|HOME | MOVIES | BILLBOARD|
|May 2, 2001||
Dr Rajiv Vijayakar
"I need a break now!"
That is Shyam Benegal. Twenty-two films old. Twenty-seven years in the industry. Four commercially successful films.
On the flip side, you have David Dhawan -- with 28 films in 12 years, with a better success rate -- juggling more than one project on hand.
But Shyam Benegal feels he has been working too much, too fast. His last two films (the latest being Zubeidaa) were made in two years.
Consider this. The year 2000 saw only two major hits: Kaho Naa... Pyaar Hai and Mohabbatein. The directors, Rakesh Roshan and Aditya Chopra, took three and five years respectively after their last films to complete these two.
Karan Johar, director of 1998's biggest grosser Kuch Kuch Hota Hai, began planning Kabhi Khushi Kabhie Gham with buddies Shah Rukh and Kajol, since the winter of 1998.
It is an industry tradition to approach a popular director with lucrative offers even if he is known to direct only for his own banner. But Aditya and Karan refuse to be baited.
No filmmaker, for whom filmmaking is more passion than paisa, does.
The other films in 2000 that enjoyed a fair amount of success were Kya Kehna, directed by Kundan Shah (his first release in seven years) and Josh, directed by Mansoor Khan (who didn't have a release in six years).
Then there is a Jungle directed by Ramgopal Varma a year after Mast and Kaun (both flops). And a Har Dil Jo Pyar Karega and Badal directed by Raj Kanwar, who churned out ten films in less than a decade.
What works best for a filmmaker: passion (quality) or paisa (which prompts quantity)?
"Films must to be made with passion for them to work," says Benegal. "One should have conviction, an original stamp and aim for the masses without actually pandering to them or sacrificing any of the previous parameters."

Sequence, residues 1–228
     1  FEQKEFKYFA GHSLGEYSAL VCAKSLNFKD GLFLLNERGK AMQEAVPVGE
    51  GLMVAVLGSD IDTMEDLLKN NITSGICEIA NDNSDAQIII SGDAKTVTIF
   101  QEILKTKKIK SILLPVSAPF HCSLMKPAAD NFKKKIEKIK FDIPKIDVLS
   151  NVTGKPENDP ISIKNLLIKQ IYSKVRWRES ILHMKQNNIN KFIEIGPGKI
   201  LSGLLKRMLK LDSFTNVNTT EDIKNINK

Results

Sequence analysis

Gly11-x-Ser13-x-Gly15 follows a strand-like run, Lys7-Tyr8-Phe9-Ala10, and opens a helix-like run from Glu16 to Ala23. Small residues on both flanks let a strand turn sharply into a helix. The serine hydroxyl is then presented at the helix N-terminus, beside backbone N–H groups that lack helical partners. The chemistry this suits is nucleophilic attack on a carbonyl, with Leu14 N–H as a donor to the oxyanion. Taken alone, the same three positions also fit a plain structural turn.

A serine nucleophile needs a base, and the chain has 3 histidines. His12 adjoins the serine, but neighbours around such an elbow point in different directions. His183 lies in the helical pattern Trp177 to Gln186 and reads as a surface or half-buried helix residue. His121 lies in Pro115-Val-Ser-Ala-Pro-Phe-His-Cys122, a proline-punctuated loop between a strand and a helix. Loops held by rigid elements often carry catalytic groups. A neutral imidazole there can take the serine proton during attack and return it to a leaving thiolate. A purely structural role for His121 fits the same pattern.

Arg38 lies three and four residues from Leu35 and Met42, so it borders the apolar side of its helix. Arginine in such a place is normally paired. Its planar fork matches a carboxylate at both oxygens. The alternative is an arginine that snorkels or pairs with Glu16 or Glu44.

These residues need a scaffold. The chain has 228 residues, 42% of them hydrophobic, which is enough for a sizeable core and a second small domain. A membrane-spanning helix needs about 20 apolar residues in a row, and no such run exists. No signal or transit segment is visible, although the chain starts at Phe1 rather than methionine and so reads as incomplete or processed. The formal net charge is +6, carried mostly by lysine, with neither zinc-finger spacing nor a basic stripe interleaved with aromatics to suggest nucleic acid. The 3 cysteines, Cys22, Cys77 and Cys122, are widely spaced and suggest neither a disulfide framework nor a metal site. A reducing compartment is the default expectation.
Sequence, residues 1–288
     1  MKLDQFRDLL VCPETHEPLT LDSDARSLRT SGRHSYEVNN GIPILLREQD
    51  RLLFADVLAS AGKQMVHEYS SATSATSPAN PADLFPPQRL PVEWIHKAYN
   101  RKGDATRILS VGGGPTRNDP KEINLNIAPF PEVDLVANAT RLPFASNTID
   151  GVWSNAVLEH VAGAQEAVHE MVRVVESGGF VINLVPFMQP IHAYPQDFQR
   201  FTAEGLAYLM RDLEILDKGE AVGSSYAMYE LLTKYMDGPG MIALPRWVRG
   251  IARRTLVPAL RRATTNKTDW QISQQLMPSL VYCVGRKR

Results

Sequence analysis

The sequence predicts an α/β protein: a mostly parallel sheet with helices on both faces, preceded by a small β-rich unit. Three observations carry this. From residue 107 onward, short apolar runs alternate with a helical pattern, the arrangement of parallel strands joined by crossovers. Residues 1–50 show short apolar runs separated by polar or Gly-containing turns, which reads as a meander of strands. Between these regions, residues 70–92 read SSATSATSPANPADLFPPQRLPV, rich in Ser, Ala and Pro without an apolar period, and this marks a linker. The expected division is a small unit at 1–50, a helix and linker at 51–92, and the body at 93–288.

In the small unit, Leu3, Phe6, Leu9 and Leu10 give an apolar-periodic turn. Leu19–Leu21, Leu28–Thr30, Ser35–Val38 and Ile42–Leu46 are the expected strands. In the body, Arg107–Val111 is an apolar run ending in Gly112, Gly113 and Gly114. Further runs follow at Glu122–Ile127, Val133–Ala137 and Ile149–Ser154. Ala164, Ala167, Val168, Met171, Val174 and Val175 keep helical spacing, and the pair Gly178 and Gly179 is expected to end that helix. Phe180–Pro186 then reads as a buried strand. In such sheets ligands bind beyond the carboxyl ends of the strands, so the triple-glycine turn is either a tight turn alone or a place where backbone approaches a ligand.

His Zubeidaa might have bombed at the BO. But his reputation as a filmmaker remains unsullied and he is very likely to find takers next time he wants them.
Speed, or the lack of it, per se, is not a criterion for quality. Like eating food, writing books or composing music, everyone has a different capacity. A less prolific director need not necessarily deliver a superior product.
Hrishikesh Mukherjee churned out Anand, Guddi, Abhimaan, Namak Haram, Bawarchi, Buddha Mil Gaya and Sabse Bada Sukh in a 30-month span. The first five were successful, while the only disappointing one was the last.
More important, no one could have accused Hrishida of pandering to commerce in any of these diverse films, none of which were formulaic ones either.
In 1977, Manmohan Desai worked on four films, all multistar entertainers with the lost-and-found theme and several cast and crew members common to all or most of these films. Released between March and November, Dharam Veer, Chacha Bhatija, Parvarish and Amar Akbar Anthony proved to be four of the five biggest hits of the year, yielding only the third place to Nasir Husain's Hum Kisise Kum Naheen.
Later, Desai worked at lesser speed but with a deliberate repeat of his hit formula of item based masala entertainment. For a while it clicked (Suhaag, Naseeb, Coolie, Mard), though the films lacked the spontaneous freshness.
Then it stopped working. Hits, he learnt, happened and could not be designed.
When he had enjoyed making films in a different and individualistic style without exactly running after moolah, he clicked. But pandering to his own formula was a no-no.
On the other hand, a Prakash Jha (Dil Kya Kare, Rahul) did not exactly create masterpiece even if he worked on just one film at a time.
Vinod Chopra's passion for cinema is as transparent as his keen musical and absent script sense. After Kareeb, the man suffered rejection from Amitabh Bachchan and Shah Rukh Khan for Mission Kashmir.
Sometimes, passion can be painful, indeed.
Deepak Sareen, after Aaina (1993) and Jab Pyaar Kisise Hota Hai, (1998) clicked, didn't go on a signing spree.
Today, one Albela can put him out of circulation.